‘Old Guard’ Soldiers Salute Fallen With ‘Flags In’ Tribute
ARLINGTON, Va. --
About 1,000 soldiers with the 3rd U.S. Infantry Regiment, known as the “Old Guard,” kicked off the Memorial Day weekend yesterday by honoring America’s fallen heroes by placing U.S. flags at gravesites for service members buried at Arlington National Cemetery here and at the U.S. Soldiers’ and Airmen’s Home National Cemetery in Washington, D.C.
Established in 1784, the 3rd Infantry Regiment is the oldest active-duty infantry unit in the Army, according to the regiment’s website.
The ‘Old Guard’ soldiers fanned out across Arlington’s hills and valleys with rucksacks full of bundles of flags. They approached each headstone, centering a miniature flag exactly one boot length from the base before sinking it into the ground. They placed the flags in front of more than 280,000 headstones and at the bottom of about 7,000 niche rows in the cemetery's Columbarium Courts and the Niche Wall.
Honoring Fallen Troops
Army Pvt. Gabriel Thyfault, a truck driver with the Old Guard, said he and the other soldiers were reading the names on the headstones where they’d placed flags.
“It’s a huge honor. I’ve never experienced anything like this,” said Thyfault, who hails from Chicago. “I couldn’t be more thankful to be out here, putting a flag on every single grave in the entire cemetery. It’s such an overwhelming honor.”
Thyfault said his father served in the Navy, and his uncle served in the Air Force, both during Desert Storm.
Army Staff Sgt. David Rivera, a squad leader from Orlando, Florida, said he’s honored as well. The day was special to him, Rivera said, because he was able to place flags on the graves of friends who paid the ultimate sacrifice when he was deployed with them in Iraq in 2010.
“I wouldn’t want to be anywhere else right now. I’m only eight months into the Army right now, and I’m out here doing something this honorable. It means a lot to me and to my family,” said Army Pvt. Wes DeFee, an Old Guard medic from Charleston, South Carolina.
DeFee said his grandfather served in the Philippines during World War II as a medic.
"Flags-In" has been conducted annually since The Old Guard was designated as the Army's official ceremonial unit in 1948. Every available soldier in the 3rd U.S. Infantry Regiment participates, placing small American flags at each headstone and at the bottom of each niche row.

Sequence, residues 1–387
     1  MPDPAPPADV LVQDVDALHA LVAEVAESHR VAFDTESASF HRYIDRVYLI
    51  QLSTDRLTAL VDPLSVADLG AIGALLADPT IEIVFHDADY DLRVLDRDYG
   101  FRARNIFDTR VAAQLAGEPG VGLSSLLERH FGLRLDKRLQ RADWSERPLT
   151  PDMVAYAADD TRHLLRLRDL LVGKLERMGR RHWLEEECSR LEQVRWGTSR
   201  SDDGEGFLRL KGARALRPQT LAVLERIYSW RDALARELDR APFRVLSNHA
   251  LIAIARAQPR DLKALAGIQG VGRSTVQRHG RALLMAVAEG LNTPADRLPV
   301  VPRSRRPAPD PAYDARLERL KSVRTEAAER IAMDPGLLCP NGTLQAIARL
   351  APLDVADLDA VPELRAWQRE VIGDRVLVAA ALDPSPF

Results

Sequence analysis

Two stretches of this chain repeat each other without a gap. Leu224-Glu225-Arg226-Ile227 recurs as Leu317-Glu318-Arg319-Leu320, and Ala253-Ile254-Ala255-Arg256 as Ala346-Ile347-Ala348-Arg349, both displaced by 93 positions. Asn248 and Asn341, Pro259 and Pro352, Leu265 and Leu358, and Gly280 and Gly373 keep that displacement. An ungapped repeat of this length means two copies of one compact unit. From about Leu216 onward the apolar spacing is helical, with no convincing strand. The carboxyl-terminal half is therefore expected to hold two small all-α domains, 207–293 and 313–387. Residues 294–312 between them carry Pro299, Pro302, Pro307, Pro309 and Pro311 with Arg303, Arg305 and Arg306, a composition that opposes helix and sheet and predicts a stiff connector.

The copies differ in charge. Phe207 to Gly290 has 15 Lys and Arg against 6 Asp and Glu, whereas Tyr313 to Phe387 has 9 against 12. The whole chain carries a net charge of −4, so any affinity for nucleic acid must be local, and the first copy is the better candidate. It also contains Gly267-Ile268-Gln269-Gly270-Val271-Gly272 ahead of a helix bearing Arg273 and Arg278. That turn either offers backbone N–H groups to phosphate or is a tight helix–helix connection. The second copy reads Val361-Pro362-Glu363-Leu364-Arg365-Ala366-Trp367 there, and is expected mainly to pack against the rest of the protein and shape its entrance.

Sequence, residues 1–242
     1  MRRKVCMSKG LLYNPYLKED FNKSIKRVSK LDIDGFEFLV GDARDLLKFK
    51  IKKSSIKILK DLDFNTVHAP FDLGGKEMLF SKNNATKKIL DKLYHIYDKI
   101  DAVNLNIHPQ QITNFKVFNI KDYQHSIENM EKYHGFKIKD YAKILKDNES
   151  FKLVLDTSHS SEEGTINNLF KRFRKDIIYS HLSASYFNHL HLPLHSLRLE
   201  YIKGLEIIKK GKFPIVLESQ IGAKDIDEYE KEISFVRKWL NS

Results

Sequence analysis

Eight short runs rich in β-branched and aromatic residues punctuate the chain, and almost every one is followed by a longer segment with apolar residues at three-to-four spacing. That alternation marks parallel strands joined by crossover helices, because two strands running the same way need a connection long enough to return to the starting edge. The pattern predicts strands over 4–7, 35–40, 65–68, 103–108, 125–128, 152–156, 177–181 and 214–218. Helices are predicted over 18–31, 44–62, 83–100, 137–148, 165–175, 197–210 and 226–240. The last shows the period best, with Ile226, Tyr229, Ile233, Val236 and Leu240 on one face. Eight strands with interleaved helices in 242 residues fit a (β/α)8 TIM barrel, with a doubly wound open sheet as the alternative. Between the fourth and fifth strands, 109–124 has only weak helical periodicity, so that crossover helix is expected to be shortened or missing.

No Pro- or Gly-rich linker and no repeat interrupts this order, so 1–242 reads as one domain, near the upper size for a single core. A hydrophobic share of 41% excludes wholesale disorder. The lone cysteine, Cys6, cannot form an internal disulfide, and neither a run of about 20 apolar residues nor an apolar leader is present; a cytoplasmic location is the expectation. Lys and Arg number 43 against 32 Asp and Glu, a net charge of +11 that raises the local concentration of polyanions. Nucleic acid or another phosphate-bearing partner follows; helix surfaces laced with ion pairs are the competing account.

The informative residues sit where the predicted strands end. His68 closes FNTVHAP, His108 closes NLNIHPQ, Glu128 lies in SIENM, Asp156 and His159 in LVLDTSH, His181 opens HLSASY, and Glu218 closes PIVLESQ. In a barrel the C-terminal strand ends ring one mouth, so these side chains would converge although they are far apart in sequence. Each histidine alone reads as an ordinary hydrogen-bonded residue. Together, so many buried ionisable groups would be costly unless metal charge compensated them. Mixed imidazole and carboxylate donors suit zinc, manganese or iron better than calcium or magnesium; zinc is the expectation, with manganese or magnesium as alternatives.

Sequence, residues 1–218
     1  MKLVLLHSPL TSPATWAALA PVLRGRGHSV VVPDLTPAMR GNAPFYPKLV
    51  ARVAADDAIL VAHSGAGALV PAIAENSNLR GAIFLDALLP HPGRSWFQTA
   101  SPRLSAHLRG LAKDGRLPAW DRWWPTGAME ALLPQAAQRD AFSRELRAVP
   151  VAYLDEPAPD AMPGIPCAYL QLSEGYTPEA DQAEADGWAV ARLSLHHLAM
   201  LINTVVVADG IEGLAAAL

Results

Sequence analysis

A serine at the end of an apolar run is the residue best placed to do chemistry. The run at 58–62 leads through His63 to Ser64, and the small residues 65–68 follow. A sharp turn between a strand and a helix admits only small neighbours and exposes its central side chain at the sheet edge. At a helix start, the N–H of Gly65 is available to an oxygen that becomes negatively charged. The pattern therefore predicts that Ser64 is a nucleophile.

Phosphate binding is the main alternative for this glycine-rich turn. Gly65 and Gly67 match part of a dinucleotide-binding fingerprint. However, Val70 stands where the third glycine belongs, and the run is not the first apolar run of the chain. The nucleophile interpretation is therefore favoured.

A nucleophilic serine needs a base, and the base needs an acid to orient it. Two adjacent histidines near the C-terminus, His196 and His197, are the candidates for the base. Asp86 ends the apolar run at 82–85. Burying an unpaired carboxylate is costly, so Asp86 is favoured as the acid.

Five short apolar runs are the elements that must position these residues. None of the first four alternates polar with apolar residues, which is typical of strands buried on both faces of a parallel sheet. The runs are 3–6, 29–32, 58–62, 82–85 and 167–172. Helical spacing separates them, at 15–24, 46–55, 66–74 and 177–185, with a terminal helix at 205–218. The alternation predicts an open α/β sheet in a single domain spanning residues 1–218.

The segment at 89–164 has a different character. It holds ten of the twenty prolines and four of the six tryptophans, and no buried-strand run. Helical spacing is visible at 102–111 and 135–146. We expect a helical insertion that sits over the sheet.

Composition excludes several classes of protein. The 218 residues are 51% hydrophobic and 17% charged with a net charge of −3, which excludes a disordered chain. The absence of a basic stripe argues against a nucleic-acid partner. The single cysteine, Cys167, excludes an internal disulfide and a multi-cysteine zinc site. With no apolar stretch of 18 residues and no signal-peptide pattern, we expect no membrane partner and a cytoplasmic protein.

Army chaplains place flags in front of the four memorials and the headstones located on Chaplain's Hill in Section 2. Tomb Sentinels also place flags at the gravesites of the unknown interred at the Tomb of the Unknown Soldier. Approximately 14,000 flags are placed at the Soldiers' and Airmen's Home National Cemetery. All flags are removed after Memorial Day, before each cemetery opens to the public.
The Old Guard maintains a 24-hour vigil at the Tomb of the Unknown Soldier, providing military funeral escorts at Arlington, and more.
“I would do this every single year I could until I retire if I could,” DeFee said. “It’s such an honor to help the families and support them with honor and respect.”
“We’re representing the Army and it’s a great honor,” said Army Sgt. Iwona Kosmaczewska, a medic from Queens, New York City. “We’re trying to do our best to show that honor for the families and veterans.”
Army Pvt. Inem Uko, a medic from Milwaukee, said he loves being a soldier.
“Every day, you wake up and you’re doing something big, and people look up to you,” he said. “It’s a big responsibility. It’s one of the best jobs you can have. I’m glad I joined the Army every day.”
Memorial Day, a day to remember and honor the nation’s fallen service members, is officially observed the last Monday in May.
“Take time to honor those who have paid the ultimate sacrifice, the ones who have served and given their lives for their country,” Thyfault said.
DeFee added, “All these people out here have given their lives for our daily freedom to live in this great country the way we do. It shouldn’t be taken for granted.”
“It’s a time to remember the people who died to protect our freedoms,” Kosmaczewska said.
(Follow Shannon Collins on Twitter: @CollinsDoDNews)